NEW ORLEANS (WVUE) - Starting the second week of April, crews will rip up and repair eight blocks of Bourbon St., and business owner Earl Bernhardt sees that as welcome news.
"Bourbon St. is not going to smell bad anymore. You're not going to have tourists falling in potholes, and that part is going to be great," Bernhardt said. "Against the curb of the street is washed out. It holds stagnant water, and there's nothing in the world that smells worst than stale beer. It actually smells like regurgitation."
At a meeting Friday, New Orleans city planners displayed pictures from the inside of pipes underneath Bourbon St. showing sections of drain lines completely collapsed or blocked, requiring a full replacement.
Engineers classified the road conditions down in the blocks scheduled for repair from poor to very poor.
"The Department of Public Works made it really clear that the infrastructure, especially sub-surface infrastructure, is in dire straits and really these repairs are necessary," Vieux Carré Property Owners, Residents & Associates Executive Director Meg Lousteau said.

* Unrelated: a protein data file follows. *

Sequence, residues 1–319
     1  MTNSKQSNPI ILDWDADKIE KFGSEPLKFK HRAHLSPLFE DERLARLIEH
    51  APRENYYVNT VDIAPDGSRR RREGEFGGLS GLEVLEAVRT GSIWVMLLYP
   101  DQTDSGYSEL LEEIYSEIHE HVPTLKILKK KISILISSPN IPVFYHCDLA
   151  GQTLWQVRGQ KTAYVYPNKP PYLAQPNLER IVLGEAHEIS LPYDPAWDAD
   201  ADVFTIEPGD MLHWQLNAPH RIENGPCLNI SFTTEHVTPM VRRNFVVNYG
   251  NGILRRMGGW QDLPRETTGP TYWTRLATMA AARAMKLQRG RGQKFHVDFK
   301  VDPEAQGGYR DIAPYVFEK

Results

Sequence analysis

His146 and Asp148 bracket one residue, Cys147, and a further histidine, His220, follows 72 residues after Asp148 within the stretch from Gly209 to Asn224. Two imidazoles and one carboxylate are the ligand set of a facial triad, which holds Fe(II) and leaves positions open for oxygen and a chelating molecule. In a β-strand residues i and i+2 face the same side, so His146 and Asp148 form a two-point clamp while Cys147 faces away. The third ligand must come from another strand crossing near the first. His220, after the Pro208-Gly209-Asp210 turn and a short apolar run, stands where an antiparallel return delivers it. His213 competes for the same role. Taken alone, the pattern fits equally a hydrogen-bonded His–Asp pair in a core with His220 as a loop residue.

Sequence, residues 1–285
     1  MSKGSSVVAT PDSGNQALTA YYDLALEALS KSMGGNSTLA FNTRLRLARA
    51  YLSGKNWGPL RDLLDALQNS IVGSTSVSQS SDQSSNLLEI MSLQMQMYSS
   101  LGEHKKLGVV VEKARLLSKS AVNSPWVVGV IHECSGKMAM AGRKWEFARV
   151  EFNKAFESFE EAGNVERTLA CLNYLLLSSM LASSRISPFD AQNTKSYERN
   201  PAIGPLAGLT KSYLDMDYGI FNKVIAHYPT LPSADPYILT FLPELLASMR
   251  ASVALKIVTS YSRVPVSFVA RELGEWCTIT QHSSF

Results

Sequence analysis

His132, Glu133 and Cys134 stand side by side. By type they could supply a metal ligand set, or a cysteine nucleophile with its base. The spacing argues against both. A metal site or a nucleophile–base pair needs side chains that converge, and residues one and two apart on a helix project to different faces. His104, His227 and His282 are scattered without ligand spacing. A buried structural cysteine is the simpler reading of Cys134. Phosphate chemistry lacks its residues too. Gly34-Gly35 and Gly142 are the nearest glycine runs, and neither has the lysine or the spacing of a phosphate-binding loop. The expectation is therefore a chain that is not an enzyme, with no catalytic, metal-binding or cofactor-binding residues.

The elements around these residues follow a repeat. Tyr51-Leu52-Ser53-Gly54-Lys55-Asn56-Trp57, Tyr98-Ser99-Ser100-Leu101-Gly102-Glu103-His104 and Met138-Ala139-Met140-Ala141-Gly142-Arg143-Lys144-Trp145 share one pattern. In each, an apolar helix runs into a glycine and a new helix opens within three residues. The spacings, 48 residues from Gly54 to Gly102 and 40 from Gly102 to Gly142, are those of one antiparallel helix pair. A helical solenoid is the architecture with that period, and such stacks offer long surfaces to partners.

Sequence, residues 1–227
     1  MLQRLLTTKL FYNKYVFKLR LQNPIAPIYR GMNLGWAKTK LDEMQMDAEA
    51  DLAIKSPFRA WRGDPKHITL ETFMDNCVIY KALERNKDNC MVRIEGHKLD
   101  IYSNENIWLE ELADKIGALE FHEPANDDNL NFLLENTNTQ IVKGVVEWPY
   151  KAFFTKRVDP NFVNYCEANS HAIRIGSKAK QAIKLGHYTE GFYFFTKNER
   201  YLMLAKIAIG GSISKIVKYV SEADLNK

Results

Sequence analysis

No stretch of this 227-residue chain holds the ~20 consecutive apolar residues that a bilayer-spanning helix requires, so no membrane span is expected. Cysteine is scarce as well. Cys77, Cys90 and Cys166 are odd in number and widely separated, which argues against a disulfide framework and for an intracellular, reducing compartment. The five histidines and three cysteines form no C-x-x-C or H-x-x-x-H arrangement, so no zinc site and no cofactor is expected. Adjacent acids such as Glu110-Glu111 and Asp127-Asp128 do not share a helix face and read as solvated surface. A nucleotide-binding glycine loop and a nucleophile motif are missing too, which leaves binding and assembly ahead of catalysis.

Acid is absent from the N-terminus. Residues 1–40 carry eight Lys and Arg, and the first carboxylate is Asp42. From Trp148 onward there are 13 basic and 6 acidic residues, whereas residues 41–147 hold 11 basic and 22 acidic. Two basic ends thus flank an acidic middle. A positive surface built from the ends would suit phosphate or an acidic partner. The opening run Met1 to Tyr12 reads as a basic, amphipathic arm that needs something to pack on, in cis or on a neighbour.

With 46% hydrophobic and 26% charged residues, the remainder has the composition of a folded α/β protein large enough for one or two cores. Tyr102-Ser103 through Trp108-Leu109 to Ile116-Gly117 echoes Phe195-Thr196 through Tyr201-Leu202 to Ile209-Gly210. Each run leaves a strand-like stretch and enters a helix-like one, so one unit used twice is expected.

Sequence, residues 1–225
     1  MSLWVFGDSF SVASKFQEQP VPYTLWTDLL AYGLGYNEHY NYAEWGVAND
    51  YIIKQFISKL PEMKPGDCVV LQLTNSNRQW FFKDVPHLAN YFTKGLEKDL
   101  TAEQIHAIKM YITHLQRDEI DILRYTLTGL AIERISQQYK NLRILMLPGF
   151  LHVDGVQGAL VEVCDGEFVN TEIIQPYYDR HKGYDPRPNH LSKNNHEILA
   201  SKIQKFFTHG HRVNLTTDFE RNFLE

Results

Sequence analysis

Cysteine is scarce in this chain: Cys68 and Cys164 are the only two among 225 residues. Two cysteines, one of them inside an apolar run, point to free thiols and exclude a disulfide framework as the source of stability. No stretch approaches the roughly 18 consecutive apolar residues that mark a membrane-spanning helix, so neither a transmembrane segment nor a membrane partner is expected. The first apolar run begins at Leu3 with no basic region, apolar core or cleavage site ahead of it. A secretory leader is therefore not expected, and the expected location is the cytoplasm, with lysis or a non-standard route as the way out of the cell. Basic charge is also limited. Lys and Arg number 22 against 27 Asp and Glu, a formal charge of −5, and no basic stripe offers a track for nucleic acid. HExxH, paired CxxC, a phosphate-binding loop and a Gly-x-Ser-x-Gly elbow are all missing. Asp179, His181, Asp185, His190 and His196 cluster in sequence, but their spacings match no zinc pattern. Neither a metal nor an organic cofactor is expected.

French Quarter residents and business owners welcome the overhaul but understand it could affect foot traffic and deliveries while construction is ongoing.
"We're just going to have to deal with it because it needs to be done so badly, so we'll just do the best that we can," Bernhardt said.
Crews will start at the foot of Bourbon at Canal St. and complete two blocks at a time for two months at a time until the 800 hundred block is complete.
During the repaving project, the city plans to put up fences along the sidewalks to keep pedestrians from falling into the street. While this repaving project is ongoing, the city is also involved in a traffic study where certain sections of will be closed to vehicular traffic on Bourbon St. and making it pedestrian only at certain times.
"The city is convening a public meeting to discuss the traffic study that's going to be done in response to the proposal to close Bourbon St. to vehicular traffic and that's not just at night. That's pretty much around the clock and to cross traffic," Lousteau said. "When you look at a map of the French Quarter and you look at the one way streets, you realize that everything would have to change in order to accommodate that, and we're really curious how that would work and what would be the implications of that kind of change."
The city wants to change traffic in the French Quarter to thwart potential terrorists who might try to drive vehicles into crowds.